♪ ♪ SOL: When we capture stories that are in our lineage or in our community, we have a much better understanding of who we are.
And I think that it's the only way we've survived as humans is, like, we tell stories.
♪ ♪ My name is Sol Guy.
I'm the director of The Death of My Two Fathers.
My, you know, background is a mixed race.
My parents are both Americans.
Mom from Upstate New York, she's born Jewish.
Father from Kansas City, Missouri, a Black man.
But I grew up in a small town in British Columbia, Canada, called Grand Forks.
Very small community, not diverse in what we would say traditional ways now, but diverse in, in experience and in kind of the way that people wanted to care for each other.
Also, a safe place, which I think for a lot of my brothers and sisters growing up in America, if you're safe, you can take risks, you can explore, you can think, can ask questions.
You can get outside of what is your known environment.
And that's what I think has shaped, shaped me the most.
This, this body I'm in, while I'm mixed, the world has only ever seen me or approached me as a Black man.
When you're born in this country as a Black man, there's this thing that gets put on you.
It's, like, boom!
It's just dropped, it's like a yoke.
Like, it's just like this... (imitates chains locking) It's almost like a-- it contains you.
And, and it's your, your safety is in danger.
The gift of growing up in Canada in that small town was, that didn't get put on me.
And I, so I was able to navigate, I've been able to navigate the world very differently.
I see some of my friends who are very successful and done all the things in this country, and they still have that thing on them.
And I don't think people really understand what that feels like.
You know, if I'm honest, I went into making this film a bit selfishly.
I needed to go to some places that I was scared of.
Where my father was raised, Kansas City, Missouri, where he's from, reconnecting or connecting with the Black side of my family.
It was something I needed to do.
The top-a-top dog is my sister Travistine, the matriarch of the family.
- (laughing) - Holds it down.
DWAYNE: Conspiracy to distribute cocaine.
Actually got locked up together.
- What do you say to people who kind of, who pass judgment on, you know, what you guys got caught up in?
"Why were you out hustling?
", or, like, "You had a choice"?
- I mean, they right.
Everybody has a choice.
I could have been a doctor.
I could've went to school and been a lawyer.
But growing up in my environment, ain't what I saw.
So why do something I ain't saw?
I have a lot of, like, anxiety when I come here, because, I don't know why, I build up expectation.
Like, I get...
I think it's guilt.
♪ ♪ I had never watched the tapes that my father left behind because I couldn't.
I carried them around.
You, you know, year of his death, he sat, looked in a old VHS camera, old camcorder, and recorded eight hours of video telling his life story.
Being an only child in the neighborhood that I grew up in was a rarity.
Just me and my mom.
We were quite poor, and, you know, we didn't have a lot of money for a lot of things.
But in those days, you didn't, there wasn't a lot of things you needed.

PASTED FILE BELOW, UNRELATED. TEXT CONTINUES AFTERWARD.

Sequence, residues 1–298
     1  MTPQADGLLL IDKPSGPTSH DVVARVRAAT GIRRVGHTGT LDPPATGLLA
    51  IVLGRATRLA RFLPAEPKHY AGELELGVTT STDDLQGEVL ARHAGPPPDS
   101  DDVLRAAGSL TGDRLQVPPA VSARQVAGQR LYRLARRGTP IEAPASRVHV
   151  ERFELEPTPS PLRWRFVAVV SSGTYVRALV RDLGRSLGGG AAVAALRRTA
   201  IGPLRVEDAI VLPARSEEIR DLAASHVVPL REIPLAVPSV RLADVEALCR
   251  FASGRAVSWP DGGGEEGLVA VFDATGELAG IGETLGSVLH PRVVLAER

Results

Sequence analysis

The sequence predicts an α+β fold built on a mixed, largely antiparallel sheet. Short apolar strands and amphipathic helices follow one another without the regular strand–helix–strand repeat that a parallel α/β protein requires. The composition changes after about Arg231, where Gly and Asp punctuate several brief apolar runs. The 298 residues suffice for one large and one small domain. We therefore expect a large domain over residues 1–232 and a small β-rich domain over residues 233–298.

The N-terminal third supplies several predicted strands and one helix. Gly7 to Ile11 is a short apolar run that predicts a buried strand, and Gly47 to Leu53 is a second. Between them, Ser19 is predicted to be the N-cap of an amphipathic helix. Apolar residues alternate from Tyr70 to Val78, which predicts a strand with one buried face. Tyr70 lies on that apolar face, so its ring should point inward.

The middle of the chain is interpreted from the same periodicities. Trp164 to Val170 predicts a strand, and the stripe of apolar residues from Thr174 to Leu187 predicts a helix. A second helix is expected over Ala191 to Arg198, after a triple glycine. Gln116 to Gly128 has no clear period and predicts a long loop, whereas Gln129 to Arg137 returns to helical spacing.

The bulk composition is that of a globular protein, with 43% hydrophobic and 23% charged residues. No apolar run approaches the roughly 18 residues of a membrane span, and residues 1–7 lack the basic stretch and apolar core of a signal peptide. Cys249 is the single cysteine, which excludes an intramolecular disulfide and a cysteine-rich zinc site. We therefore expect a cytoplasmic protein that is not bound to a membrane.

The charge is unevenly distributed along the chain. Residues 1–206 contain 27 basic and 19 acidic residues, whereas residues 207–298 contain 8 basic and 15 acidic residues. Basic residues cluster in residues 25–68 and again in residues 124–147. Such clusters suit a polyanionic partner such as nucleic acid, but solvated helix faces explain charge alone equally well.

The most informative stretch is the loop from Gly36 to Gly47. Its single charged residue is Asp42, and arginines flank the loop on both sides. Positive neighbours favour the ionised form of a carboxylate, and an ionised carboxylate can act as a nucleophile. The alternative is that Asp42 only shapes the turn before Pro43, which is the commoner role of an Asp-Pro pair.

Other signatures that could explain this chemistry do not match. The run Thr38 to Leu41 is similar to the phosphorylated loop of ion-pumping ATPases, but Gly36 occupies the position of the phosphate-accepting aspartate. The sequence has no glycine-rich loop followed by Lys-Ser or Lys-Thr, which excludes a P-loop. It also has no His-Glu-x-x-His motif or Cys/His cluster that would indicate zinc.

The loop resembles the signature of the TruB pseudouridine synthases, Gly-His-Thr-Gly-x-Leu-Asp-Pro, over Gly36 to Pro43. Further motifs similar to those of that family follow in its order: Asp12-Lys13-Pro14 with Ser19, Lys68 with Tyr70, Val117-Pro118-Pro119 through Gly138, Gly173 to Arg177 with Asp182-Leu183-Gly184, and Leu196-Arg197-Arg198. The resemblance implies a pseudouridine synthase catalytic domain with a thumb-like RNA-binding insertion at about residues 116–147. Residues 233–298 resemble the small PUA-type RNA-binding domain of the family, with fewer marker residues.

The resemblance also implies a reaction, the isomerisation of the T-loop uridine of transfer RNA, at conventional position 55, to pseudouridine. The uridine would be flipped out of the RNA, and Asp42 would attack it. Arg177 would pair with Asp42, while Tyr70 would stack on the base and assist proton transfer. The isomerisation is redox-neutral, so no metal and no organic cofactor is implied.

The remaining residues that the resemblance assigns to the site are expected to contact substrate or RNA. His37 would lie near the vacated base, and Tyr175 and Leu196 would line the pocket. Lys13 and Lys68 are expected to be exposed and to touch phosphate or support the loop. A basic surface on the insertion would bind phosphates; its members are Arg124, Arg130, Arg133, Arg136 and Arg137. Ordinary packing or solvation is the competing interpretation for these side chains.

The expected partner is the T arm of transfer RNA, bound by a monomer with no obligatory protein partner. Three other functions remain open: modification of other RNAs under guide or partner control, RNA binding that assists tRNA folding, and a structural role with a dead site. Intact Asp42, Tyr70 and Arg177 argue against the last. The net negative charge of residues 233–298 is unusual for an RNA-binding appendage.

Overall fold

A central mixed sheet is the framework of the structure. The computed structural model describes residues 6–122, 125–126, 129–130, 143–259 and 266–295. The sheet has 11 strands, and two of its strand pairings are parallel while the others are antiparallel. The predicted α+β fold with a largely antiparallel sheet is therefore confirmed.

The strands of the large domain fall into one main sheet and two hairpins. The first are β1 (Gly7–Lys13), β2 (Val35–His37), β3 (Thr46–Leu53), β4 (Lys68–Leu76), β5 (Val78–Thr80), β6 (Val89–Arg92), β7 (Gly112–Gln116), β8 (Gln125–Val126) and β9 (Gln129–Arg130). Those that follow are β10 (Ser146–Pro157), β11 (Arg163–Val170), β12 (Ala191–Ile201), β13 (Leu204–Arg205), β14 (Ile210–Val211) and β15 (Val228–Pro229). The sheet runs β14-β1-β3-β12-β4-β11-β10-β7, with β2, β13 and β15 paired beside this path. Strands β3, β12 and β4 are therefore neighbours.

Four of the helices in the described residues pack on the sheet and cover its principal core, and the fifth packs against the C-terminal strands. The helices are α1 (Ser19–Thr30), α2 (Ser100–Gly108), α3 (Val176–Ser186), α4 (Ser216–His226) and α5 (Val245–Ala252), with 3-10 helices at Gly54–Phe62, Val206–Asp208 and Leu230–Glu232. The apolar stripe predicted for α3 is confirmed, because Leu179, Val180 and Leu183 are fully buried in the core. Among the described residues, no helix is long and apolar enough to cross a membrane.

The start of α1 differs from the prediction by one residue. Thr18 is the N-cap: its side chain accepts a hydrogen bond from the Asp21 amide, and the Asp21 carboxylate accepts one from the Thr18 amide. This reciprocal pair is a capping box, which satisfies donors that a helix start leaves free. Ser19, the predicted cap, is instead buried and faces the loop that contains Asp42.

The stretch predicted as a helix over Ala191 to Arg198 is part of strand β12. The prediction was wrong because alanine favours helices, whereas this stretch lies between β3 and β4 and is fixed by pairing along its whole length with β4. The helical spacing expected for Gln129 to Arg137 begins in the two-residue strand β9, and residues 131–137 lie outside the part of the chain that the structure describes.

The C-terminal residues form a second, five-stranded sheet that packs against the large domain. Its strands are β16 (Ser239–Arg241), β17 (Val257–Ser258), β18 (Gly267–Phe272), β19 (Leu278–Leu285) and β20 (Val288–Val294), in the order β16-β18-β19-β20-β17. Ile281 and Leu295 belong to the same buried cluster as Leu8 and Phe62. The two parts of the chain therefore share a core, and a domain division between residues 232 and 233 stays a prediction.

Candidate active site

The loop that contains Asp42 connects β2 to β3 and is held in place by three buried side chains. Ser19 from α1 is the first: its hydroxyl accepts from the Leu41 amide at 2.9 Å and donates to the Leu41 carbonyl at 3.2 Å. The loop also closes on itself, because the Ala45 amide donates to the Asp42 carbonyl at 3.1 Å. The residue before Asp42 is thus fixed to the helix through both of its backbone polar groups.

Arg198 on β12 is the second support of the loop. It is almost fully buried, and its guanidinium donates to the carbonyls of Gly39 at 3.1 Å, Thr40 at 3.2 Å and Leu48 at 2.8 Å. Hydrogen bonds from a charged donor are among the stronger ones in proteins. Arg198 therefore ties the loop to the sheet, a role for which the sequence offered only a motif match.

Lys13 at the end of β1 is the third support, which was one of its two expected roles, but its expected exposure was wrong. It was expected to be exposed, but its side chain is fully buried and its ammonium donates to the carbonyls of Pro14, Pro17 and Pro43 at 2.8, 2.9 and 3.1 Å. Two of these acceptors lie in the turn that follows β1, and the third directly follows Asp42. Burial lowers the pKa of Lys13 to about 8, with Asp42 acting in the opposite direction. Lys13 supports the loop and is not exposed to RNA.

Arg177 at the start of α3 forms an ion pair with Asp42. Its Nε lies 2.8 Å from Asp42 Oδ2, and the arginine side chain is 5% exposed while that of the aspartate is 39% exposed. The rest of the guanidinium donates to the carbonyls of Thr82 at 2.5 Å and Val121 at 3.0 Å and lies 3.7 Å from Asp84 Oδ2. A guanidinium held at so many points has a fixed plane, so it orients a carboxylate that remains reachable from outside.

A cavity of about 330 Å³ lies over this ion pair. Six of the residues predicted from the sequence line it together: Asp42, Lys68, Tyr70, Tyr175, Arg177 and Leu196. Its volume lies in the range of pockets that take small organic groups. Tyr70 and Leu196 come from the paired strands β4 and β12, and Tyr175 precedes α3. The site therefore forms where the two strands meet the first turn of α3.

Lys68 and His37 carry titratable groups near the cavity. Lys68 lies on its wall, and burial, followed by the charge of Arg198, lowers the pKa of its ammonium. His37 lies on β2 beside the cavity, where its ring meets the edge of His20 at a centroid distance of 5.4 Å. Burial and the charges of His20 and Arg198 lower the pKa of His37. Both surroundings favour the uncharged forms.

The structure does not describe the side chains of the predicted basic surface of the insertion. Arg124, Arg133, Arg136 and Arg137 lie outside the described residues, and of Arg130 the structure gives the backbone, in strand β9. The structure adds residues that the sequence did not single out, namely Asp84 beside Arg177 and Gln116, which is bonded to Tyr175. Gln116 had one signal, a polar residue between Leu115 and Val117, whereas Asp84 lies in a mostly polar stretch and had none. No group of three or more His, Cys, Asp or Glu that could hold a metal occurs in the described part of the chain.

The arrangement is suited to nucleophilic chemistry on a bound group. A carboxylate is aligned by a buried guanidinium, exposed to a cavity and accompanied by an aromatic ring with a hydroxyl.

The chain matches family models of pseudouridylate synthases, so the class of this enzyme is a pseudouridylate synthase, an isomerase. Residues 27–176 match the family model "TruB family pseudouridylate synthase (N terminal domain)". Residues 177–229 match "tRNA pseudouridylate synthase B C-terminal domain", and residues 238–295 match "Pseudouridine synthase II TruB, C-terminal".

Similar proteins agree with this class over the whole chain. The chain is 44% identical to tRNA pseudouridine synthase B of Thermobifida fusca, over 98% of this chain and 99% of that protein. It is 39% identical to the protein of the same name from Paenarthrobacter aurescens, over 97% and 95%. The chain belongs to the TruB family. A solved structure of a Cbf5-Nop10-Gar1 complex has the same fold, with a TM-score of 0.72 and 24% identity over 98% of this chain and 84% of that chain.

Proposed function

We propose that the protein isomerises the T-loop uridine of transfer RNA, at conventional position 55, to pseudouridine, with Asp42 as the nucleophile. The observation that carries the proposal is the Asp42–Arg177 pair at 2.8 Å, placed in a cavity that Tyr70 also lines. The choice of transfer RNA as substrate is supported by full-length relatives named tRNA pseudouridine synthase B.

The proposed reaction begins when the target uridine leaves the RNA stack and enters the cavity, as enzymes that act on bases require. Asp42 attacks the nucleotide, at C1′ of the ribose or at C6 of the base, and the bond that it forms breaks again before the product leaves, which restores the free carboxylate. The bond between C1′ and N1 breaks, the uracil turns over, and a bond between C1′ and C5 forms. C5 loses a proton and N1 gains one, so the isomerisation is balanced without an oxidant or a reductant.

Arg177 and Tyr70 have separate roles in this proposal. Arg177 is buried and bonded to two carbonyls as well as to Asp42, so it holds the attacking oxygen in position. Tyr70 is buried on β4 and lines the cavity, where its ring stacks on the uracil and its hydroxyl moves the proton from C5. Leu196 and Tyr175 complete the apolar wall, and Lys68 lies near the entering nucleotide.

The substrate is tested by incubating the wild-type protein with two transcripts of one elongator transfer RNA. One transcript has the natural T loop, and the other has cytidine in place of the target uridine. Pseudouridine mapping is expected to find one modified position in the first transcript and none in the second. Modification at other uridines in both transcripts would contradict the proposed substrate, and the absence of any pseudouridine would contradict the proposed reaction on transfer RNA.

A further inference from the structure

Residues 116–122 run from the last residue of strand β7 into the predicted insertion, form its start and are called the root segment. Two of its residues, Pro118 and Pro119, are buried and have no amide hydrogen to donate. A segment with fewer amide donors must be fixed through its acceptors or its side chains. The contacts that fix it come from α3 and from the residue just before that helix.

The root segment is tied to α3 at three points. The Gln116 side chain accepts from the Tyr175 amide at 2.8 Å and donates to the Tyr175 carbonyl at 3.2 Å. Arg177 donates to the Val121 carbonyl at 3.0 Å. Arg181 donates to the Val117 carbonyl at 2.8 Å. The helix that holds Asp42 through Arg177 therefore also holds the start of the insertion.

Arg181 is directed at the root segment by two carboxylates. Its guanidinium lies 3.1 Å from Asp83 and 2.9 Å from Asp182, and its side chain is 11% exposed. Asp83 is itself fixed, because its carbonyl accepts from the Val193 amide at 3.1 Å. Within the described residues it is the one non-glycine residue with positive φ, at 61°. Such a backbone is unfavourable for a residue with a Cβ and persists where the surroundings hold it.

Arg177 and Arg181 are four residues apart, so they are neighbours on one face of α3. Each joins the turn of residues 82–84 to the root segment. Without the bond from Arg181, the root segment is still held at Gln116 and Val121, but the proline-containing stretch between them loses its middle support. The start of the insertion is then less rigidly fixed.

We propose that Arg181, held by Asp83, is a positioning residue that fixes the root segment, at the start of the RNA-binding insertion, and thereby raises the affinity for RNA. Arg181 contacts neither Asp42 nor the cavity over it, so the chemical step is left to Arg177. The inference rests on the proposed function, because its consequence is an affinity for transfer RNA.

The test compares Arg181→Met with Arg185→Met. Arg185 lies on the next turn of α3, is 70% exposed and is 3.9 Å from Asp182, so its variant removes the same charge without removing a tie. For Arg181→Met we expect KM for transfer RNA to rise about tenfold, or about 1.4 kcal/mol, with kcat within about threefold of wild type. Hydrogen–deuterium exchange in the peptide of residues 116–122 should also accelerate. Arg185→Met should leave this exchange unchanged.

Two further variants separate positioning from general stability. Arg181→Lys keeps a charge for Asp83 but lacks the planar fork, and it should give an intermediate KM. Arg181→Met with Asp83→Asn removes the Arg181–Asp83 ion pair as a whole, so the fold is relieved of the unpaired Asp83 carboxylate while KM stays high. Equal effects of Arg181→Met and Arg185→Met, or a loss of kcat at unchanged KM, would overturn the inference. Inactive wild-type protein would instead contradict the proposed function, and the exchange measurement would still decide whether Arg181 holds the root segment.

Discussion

Wasn't a lot of things to be had.
SOL: And I just wasn't ready to face that loss.
- I love you guys.
I love you guys so much.
♪ ♪ SOL: The film gave me an opportunity to face that loss, but I needed to reshape the, my relationship with my father because I'm a, a father.
We can repeat patterns or we can arrive to address them and we can push past them.
And then perhaps you don't pass them on.
There's things I've inherited that I have the opportunity to not pass on.
But it was really a process of a healing practice.
And you're making art to get outside of what you know and put something in front of you.
And I was radically changed over the course of those, those four years-- I'm grateful.
I hope that theirs is a place where we can talk about the things that we feel as, as men, that encourage people to find their way back, 'cause eventually, you will.
It could be in your last breath.
We as society could do a lot more to acknowledge that that's a difficult thing to do.
The other thing I hope that, for audiences is that we understand the power of the, and importance of our story, and telling our story, and documenting our story and sharing, you know, and it does not have to be in this format.
We got these, all these devices.
Go talk to your grandma and, or your grandfather, or your sons and daughters, or your aunt or uncle, or the O.G.
that, you know, helped you when you were 14.
Go sit down and, like, put the phone on and record audio.
Get these stories so you can share them with others.
It might just be to play it later.
It might be 'cause someone else will discover it.
You're 13 now.
You'll watch this when you're 14, or maybe 23 or 45, I don't know.
And who knows what this footage will look like by the time you watch it?
Like how this footage from '88, when I was your age, looks to me now.
- Yeah, I'm from Grand Forks, too, and... SOL: For any filmmakers out there who are thinking about doing a personal story, I would, I would just encourage you to take the first step.
Like, take the first step and keep walking towards yourself and walk towards what you're most challenged or fearful of.
Because there are things that you discover along the way that are transformative.